The NHL and The Olympics


If you are a hockey fan of a certain age, you have seen professionals and non-professionals representing their respective countries. Perhaps the greatest moment in Winter Olympic history came in 1980 when 25 college kids shocked the world, by defeating the Soviet powerhouse. And amateur players were the standard for the Olympics until 1998. Only since then has the NHL sent its players to the Olympic games. But while everyone is out arguing for and against, let’s look at what they are fighting about.

If you are the NHL, you have many things to consider. First, the Olympics take place every four years during the NHL season. This would mean forcing a break in the schedule for 2-3 weeks, which in it of itself means a couple things. It means that teams won’t be able to practice at full strength. It also means that any momentum that a team may have built up is destroyed heading into the final stretch of the season. You would also have to be concerned with the possibility of losing your star players to injury. In 2014, Mats Zuccarello broke his hand in Norway’s final game; while John Tavares tore his MCL and meniscus after taking a heavy hit from Latvian defenseman Arturs Kulda. Those are some very real concerns, and shouldnt be taken lightly. In fact, Ottawa Senators owner Eugene Melnyk argued this very point, saying “At our level for example you lose these guys and you’re done and your fans are the ones that hurt the most because here they are cheering on [the team] talking playoffs then all of a sudden that sinks. I don’t have to tell you what happens when a key player gets knocked out of the games, so that’s my biggest worry.” He said he would respect the league’s decision either way, but when you are talking about the owners protecting their assets, it seems pretty cut and dry.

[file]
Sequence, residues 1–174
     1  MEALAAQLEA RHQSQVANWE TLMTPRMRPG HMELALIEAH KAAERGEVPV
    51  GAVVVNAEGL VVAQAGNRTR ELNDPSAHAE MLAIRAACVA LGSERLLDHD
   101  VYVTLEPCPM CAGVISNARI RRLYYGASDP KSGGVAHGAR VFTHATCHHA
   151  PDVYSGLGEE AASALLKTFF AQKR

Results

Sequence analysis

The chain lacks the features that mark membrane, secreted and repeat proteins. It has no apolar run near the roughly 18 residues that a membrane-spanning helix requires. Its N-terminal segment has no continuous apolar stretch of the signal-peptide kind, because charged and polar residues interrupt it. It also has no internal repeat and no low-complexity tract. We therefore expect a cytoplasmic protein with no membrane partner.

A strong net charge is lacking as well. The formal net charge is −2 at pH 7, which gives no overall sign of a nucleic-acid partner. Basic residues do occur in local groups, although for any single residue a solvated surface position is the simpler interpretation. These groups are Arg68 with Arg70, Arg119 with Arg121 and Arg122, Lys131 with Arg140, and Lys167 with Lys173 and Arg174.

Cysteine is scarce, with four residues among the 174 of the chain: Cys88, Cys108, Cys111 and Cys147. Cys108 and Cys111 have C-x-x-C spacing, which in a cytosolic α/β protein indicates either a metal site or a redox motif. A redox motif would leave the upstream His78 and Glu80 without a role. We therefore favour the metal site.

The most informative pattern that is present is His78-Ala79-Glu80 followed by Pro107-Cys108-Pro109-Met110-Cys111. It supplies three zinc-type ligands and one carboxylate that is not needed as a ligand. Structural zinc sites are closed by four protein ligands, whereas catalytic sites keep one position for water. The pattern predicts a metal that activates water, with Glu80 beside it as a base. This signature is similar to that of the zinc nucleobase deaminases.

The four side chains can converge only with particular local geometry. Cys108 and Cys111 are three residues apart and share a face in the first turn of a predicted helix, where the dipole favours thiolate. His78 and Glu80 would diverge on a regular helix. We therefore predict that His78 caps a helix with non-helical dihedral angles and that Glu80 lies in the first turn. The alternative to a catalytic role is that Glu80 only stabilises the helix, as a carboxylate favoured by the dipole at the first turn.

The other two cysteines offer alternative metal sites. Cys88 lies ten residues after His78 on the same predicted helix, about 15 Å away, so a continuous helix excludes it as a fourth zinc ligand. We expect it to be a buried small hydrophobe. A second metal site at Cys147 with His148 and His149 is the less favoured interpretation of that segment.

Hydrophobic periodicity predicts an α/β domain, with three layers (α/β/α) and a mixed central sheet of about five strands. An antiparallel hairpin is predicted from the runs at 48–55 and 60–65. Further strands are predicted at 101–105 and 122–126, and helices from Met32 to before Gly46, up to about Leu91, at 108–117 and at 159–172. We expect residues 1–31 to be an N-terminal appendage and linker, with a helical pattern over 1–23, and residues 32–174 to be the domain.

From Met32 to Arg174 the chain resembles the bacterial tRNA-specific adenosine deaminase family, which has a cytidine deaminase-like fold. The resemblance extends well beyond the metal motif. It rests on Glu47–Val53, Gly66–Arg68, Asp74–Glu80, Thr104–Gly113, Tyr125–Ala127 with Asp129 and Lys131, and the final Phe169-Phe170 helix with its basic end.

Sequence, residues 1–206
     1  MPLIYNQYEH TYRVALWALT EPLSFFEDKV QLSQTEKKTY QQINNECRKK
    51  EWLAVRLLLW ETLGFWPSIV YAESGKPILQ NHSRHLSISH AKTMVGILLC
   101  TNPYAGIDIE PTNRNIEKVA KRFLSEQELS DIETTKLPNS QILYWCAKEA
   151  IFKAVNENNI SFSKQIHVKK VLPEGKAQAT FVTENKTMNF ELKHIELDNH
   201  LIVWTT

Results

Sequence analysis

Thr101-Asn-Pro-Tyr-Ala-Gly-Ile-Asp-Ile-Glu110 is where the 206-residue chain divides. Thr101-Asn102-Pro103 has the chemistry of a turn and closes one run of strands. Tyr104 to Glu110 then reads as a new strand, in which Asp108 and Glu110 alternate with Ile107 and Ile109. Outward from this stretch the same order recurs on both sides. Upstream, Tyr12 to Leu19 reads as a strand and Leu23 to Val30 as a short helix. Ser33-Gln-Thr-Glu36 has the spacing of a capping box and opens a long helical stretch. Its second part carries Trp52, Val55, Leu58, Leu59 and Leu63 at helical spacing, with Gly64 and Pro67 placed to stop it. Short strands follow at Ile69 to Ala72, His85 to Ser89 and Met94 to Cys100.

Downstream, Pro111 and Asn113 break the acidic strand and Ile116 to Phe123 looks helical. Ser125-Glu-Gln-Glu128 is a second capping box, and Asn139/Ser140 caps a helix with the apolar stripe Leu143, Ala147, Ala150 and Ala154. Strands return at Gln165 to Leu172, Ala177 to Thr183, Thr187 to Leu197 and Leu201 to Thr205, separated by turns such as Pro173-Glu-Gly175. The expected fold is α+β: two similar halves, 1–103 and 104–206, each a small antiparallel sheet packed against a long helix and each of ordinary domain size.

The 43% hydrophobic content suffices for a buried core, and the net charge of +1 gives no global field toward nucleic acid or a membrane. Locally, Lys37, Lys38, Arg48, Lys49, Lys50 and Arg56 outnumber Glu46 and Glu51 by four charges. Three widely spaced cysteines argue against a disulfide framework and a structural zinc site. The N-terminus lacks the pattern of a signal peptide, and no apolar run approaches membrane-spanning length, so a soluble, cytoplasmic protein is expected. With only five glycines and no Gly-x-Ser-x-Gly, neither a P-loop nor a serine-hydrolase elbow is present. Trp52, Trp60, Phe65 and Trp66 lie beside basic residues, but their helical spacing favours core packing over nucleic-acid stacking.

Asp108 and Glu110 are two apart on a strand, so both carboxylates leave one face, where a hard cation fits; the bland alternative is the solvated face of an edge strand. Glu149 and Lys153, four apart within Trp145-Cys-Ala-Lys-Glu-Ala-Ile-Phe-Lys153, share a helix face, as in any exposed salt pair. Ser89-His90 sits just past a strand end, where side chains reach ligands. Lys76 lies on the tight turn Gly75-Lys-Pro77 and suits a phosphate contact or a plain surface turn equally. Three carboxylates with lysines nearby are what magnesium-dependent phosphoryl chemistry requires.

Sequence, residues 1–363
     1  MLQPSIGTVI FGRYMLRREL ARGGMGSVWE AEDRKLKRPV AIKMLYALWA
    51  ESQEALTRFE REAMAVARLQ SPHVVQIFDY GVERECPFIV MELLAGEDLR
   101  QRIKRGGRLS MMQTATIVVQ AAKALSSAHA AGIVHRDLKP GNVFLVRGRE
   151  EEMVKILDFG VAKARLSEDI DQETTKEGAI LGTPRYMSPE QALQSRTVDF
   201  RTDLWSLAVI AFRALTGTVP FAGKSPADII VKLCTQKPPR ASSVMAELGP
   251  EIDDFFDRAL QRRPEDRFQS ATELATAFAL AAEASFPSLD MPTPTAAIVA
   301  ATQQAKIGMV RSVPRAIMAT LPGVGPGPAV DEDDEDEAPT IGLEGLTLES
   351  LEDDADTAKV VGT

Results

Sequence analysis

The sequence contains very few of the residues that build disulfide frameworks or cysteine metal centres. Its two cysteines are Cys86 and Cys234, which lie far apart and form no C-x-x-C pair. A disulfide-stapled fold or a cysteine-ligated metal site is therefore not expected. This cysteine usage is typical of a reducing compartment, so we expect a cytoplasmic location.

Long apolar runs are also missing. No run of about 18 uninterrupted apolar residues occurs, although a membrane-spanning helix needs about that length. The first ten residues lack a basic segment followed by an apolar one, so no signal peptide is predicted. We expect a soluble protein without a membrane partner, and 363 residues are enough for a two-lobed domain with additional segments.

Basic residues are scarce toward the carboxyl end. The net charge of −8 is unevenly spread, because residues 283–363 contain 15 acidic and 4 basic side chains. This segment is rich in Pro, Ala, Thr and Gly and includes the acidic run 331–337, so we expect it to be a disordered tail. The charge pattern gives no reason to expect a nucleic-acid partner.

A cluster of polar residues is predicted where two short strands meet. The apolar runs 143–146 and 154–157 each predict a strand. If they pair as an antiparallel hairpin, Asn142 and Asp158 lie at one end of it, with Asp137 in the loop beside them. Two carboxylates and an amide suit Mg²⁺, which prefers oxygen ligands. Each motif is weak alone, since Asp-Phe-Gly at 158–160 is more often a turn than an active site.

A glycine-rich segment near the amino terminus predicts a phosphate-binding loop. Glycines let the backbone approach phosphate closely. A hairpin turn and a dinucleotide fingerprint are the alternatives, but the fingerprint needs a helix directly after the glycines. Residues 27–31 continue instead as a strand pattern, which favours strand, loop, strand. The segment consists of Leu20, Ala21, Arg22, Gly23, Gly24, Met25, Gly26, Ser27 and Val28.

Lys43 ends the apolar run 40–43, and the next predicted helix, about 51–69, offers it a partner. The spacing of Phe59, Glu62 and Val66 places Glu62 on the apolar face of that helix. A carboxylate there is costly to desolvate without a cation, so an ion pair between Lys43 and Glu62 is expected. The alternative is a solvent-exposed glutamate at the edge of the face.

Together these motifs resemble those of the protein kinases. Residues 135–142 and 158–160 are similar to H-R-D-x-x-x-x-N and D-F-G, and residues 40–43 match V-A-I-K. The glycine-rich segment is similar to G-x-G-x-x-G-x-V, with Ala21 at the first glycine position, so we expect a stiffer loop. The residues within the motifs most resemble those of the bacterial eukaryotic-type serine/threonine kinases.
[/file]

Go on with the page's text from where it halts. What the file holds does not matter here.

If you are the players, you want to represent your country. And players have been very outspoken about that. Alex Ovechkin has said “The Olympics happen only once every four years, and you defend the honor of your country there.” And he has maintained that he has full intentions of playing in Pyeongchang, in spite of what the league has said. Erik Karlsson called it “crap”, adding that “we have no say in the matter and it’s very unfortunate for the game of hockey around the world.” His fellow countryman Henrik Lundqvist said on Twitter that it is “disappointing for all the players that can’t be part of the most special adventure in sports.” All of these points are valid and well taken, and it shows strong signs of the distrust and displeasure of the NHL and its players. Carey Price took a slightly different approach to showing his displeasure with the league’s decision, saying “I feel like we’re short-changing some of the younger players that haven’t had that opportunity; it’s tough to swallow for some of those kids, I’m sure. At a human level, this is a big worldwide event that the world takes part in and you know, we want to shine our light too.”